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La Mère Pourcel, Dinan (France)

When I knew we were going to be in Dinan over New Year, I immediately started hunting about for places for a “nice meal out”.  Our rental house had a great kitchen and we planned on eating in a fair number of nights also, you know, since the food in French supermarkets is amazing, we wanted to take advantage.  Fortunately, we met Véronique from French Cooking For Dummies when we were in Paris, who just happens to hail from Brittany and she told us that La Mère Pourcel was THE place to eat in Dinan, so one of the first things we did on arrival was make sure we made a reservation.

Described on the website as being founded by Alfred and Virginie Pourcel in 1927, who have given an atmosphere to this restaurant by drawing their ideas and secrets from their love for the town of Dinan, from his passion as an Inn-keeper and her passion for home cooking. We devote our time to perpetuate this love of great cooking and seasonal ingredients.  An authentic savoury regional cuisine, in an exceptional atmosphere in this 15 th century timber-framed building. Founded in 1927.

It’s all rustic charm and exposed beams on the inside.  Large enough that you are not sitting on top of your table neighbours but intimate enough that it feels like you might just be in your friend’s dining room for a special occasion dinner.

We started out with an apéro, as you do.  Kir for the ladies…

And a wonderful house apéro called La Pousse Rapière:

Mmmm – délicieux!

The menu is quite extensive and features Breton specialties.  We liked the fact that there were many “prix fixe” options.

Neil, for example, had the Père Alfred which, for 22,00 € included: 9 Huîtres de Cancale (oysters from nearby Cancale), Travers de Cochon Caramélisés (Caramelised ribs) and Fondue au Chocolat fruits frais et Chamallows (who can resist chocolate fondue served with fresh fruit and marshmallows!?)

We were all served an amuse-bouche – a small carrot and parsnip soup in a tiny espresso cup:

Neil’s oysters:

My Salade de Homard (it was the season for lobster, after all!):

Cathy’s Gravalax de saumon (a super generous portion):

The star of the meal is certainly “les cocottes” – meals cooked in Staub  mini Dutch ovens.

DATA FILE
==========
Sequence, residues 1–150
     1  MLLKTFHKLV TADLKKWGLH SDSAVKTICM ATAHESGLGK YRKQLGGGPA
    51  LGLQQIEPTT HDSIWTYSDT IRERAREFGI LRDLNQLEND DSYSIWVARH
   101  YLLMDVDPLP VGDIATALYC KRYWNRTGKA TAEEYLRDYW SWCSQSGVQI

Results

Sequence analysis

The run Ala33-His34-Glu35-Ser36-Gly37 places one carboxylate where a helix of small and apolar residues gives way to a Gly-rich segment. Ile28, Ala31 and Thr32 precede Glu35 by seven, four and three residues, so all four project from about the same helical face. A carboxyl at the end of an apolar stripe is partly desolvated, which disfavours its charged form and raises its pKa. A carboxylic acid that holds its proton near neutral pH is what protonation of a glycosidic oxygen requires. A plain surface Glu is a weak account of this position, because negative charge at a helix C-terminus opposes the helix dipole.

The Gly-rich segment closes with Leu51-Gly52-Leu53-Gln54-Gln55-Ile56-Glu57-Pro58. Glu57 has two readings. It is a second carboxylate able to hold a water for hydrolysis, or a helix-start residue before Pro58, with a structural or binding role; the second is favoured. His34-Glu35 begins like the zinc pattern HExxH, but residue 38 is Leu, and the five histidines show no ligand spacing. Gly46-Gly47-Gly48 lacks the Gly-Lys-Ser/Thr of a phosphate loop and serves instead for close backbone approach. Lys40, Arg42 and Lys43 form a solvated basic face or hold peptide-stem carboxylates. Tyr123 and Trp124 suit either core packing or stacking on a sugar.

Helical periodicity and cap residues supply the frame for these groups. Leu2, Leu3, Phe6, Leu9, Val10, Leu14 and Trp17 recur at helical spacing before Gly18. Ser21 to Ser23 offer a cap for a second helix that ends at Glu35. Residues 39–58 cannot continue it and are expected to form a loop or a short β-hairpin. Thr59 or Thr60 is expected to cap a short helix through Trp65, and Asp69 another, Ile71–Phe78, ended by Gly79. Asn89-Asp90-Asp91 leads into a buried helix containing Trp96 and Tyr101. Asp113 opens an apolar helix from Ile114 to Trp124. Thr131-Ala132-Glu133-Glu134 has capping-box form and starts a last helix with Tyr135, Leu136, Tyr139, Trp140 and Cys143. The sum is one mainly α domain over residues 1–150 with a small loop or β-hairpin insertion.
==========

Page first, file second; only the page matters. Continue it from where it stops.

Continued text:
I had the amazing Fricassée de Coucou de Rennes aux Morilles (a chicken – bone-in – stew with a creamy morel sauce) and it was seriously to die for.

But we still had room for desserts.  The aforementioned fondue:

with green chamallows (marshmallows!)

A delightful Moelleux Caramel au Beurre Salé et cœur fondant (once they got it right – the first time around the molten filling was not so molten).

A wonderful cheese platter: Fromage de la maison BORDIER, salade et Pain au Noix.

And a very Breton Gratin aux Pommes, Sabayon au Cidre (apple gratin with a cider sabayon cream sauce)

This was by no means a cheap meal but it was our one splurge in Brittany.  A “must” if you ever find yourself in Dinan; the atmosphere, the old-world service and great high-end homestyle cooking combine to create a delightful dining experience.  Merci Véro for the great recommendation!

Chez La Mère Pourcel

3 Place des Merciers
22100 Dinan, France
+33 (0)2 96 39 03 80

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52 Responses to La Mère Pourcel, Dinan (France)

  1. French Cooking for Dummies March 2, 2010 at 05:40 #

    Glad you liked it :D Your pictures are great, I’m drooling! I haven’t been there for years and it sounds like they’ve been renewing the menu… We’ll have to find a week-end to go try their new cocottes and this unbelievable fondue, oh yeah!

  2. Mr. Neil March 2, 2010 at 07:20 #

    Veronique, your reco was wonderful — thank you so much. And believe it or not, these were the ONLY huitres I managed to find. When we went to Cancale, everything was shut!

    A glorious little town…excellent home base for our week. (And a delightful house, despite the landlord falsely tacking on “additional charges” at the end.)

  3. Cat March 2, 2010 at 09:20 #

    what a delicious meal and what lovely surroundings in which to enjoy it. love all of that old, dark wood.
    oh, and marshmallows sound so much more elegant in french than in english. ;)

  4. Conor @ HoldtheBeef March 2, 2010 at 09:32 #

    So, what’s French for “a tankard of your finest ale, inn-keep!”?

    There just aren’t enough Innkeepers around serving deliciousness en cocotte these days, in my opinion. Definitely worth the expense when you can find one.

    • Mardi@eatlivetravelwrite March 2, 2010 at 20:42 #

      Une bière énorme pour l’Australienne!!!!!

      • Mr. Neil March 3, 2010 at 20:14 #

        Conor, FUNNY you should bring that up…

        We had a dubious encounter in a smal pub in Dinan, with a man brandishing a black turnip. (I’m not making that detai up, I’ll have you know.)

        The the lades ordered dainty wee kirs. I decided on an Affligem. Turnip man took one look at me (in my fedora – but it WAS raining) and said “English size?”

        God bless him… :-)

        • Conor @ HoldtheBeef March 3, 2010 at 21:10 #